China’s trade, inflation and lending data for May all trailed estimates, signaling weaker global and domestic demand that will test the nation’s leaders’ resolve to forgo short-term stimulus for slower, more-sustainable growth.
Industrial production rose a less-than-forecast 9.2 percent from a year earlier and factory-gate prices fell for a 15th month, National Bureau of Statistics data showed today in Beijing. Export gains were at a 10-month low and imports dropped after a crackdown on fake trade invoices while fixed-asset investment growth slowed and new yuan loans declined.
The data add pressure on President Xi Jinping and Premier Li Keqiang to shore up growth less than three months into their tenure, after first-quarter expansion unexpectedly slowed. While the figures boost the case for easing monetary policy or approving more spending, the leaders’ room is limited by rising home prices, financial risks and overcapacity.
“Growth remains unconvincing and the momentum seems to have lost pace in May,” said Louis Kuijs, chief China economist at Royal Bank of Scotland Group Plc in Hong Kong. “While we still do not worry too much about growth in 2013 ending up significantly lower than the government’s comfort zone, on balance this weekend’s data is likely to strengthen the calls for a more expansionary macroeconomic policy stance.”
Analysts surveyed by Bloomberg News last month trimmed economic-expansion forecasts for the April-June period to a median projection of 7.8 percent from an 8 percent pace forecast in April.
Li told provincial leaders yesterday that while growth is still relatively fast and within a reasonable range and employment is stable, “complicated factors” are ahead and must be closely monitored, the official Xinhua News Agency reported. Xi said at a California summit with U.S. President Barack Obama that “we have full confidence in sustained and healthy long-term economic development” and that risks and challenges are controllable.
Industrial production compared with the median estimate for a 9.4 percent increase, with growth the weakest for a January-May period since 2009. Fixed-asset investment excluding rural areas rose 20.4 percent in the first five months from a year earlier, down from a 20.6 percent pace in January-April, statistics bureau data showed. May’s retail-sales growth of 12.9 percent matched the median projection of analysts.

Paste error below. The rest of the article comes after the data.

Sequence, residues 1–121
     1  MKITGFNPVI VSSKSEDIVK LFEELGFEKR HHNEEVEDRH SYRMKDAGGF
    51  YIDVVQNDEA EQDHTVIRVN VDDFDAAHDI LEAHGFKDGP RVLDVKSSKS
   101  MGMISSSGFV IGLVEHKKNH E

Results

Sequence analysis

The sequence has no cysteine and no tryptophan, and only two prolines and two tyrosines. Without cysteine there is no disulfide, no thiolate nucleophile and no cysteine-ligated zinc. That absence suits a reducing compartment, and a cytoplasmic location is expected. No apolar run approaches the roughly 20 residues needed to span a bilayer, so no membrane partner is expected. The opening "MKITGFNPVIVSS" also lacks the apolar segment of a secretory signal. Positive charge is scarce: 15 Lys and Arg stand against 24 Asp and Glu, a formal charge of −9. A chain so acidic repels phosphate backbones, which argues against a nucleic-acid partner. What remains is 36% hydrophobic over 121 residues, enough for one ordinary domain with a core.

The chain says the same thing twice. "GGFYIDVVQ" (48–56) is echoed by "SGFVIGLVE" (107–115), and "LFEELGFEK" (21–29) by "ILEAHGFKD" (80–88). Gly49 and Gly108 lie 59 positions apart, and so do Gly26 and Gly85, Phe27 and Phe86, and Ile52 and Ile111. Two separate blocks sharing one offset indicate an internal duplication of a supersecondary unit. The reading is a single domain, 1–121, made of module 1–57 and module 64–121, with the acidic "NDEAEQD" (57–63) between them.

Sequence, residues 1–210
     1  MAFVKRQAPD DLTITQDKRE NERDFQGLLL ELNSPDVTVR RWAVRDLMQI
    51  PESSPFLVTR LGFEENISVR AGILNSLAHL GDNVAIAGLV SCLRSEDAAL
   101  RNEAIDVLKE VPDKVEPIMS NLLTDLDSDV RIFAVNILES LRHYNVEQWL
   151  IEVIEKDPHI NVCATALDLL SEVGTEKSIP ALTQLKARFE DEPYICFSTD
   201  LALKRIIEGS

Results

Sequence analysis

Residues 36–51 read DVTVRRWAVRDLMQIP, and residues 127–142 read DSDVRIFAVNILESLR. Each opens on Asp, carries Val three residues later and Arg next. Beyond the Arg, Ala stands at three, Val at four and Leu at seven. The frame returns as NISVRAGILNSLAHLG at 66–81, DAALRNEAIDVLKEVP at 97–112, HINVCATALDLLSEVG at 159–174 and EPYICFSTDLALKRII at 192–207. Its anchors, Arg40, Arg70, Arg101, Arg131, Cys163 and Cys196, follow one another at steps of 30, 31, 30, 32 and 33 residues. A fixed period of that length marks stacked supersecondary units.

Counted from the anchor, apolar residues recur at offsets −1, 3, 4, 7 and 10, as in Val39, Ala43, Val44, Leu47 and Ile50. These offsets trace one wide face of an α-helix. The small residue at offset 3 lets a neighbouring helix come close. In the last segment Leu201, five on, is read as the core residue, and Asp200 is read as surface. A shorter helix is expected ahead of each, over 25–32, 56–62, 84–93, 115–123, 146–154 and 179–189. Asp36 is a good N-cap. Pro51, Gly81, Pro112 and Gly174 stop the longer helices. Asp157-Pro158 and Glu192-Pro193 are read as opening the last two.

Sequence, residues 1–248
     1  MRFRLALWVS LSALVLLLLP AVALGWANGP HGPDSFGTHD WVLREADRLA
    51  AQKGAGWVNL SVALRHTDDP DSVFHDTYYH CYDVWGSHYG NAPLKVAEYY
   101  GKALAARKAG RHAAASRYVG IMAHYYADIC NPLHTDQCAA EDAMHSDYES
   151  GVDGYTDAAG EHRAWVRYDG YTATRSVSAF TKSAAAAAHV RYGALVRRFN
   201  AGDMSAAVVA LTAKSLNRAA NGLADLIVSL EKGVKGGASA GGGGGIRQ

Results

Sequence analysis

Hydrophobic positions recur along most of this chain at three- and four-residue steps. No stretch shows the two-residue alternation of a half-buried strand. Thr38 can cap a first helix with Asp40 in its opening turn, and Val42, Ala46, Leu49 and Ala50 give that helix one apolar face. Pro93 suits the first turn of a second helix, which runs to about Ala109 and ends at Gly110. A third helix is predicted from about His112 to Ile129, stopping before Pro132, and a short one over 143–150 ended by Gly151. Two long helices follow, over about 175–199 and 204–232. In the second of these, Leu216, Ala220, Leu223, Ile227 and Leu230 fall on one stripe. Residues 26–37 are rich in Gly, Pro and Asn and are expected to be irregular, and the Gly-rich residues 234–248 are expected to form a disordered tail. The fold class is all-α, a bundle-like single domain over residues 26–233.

May exports rose 1 percent from a year earlier, down from 14.7 percent in April, while imports dropped 0.3 percent from a year earlier. The median estimates of analysts were for 7.4 percent export growth and 6.6 percent import gains. The $20.4 billion trade surplus compared with forecasts for $20 billion.
“This shows the real state of the Chinese export situation,” said Shen Jianguang, chief Asia economist at Mizuho Securities Asia Ltd. in Hong Kong. The data give a “pretty depressed” picture, with weak external demand and a yuan that has appreciated substantially against a trade-weighted basket of currencies, said Shen, who previously worked at the European Central Bank.
The slowdown in May’s trade figures was partly the result of “arbitrage trade” with Hong Kong being curbed, the customs administration said in a statement yesterday. Appreciation in the yuan and the worsening trade environment, as well as a domestic slowdown, weak external demand and high business costs, also contributed, the agency said.
New local-currency lending of 667.4 billion yuan ($109 billion) trailed the median estimate of 34 economists and was down from 793.2 billion yuan a year earlier, People’s Bank of China data showed. Aggregate financing of 1.19 trillion yuan compared with 1.14 trillion yuan in May 2012, while M2 money supply grew 15.8 percent from a year earlier.
The PBOC said in a June 7 financial-stability report that overdue loans rose 46 percent last year, adding to signs of strain in the banking system.
The consumer price index rose 2.1 percent in May from a year earlier, statistics bureau data showed, dragged down by slower food inflation and below all 39 economists’ estimates. The producer price index fell by a more-than-estimated 2.9 percent, the biggest drop since September.
Baoshan Iron & Steel Co., China’s biggest publicly traded steelmaker, said yesterday it cut product prices for hot-rolled and cold-rolled steel for July delivery, lowering rates for the second straight month. Government data today showed rolled steel output growth accelerated to 11.3 percent in May from a year earlier after an 8.1 percent pace in April.
“There’s some room for the central bank to cut interest rates,” though it’s not the preferred option for the PBOC, which will lean more toward easing via injecting funds into money markets to ensure stable liquidity and credit supply for growth, said Zhu Haibin, chief China economist at JPMorgan Chase & Co., in Hong Kong.
The trade slump adds to concerns that the global recovery is losing momentum even as the U.S. shows signs of strengthening. The ECB last week forecast the 17-nation euro area will contract 0.6 percent this year, more than its March estimate of 0.5 percent. In the U.S., employers added more workers than forecast in May.
Exports “may remain weak in the near term” as the U.S. economy softens, which is likely to shift expectations for a strengthening yuan, said Ding Shuang, senior China economist at Citigroup Inc. in Hong Kong. The yuan has risen 1.6 percent this year against the U.S. dollar and about 14 percent against the yen, the most among Asian currencies tracked by Bloomberg.
--Zhou Xin. With assistance from Nerys Avery in Beijing and Ailing Tan in Singapore. Editors: Scott Lanman, Nerys Avery
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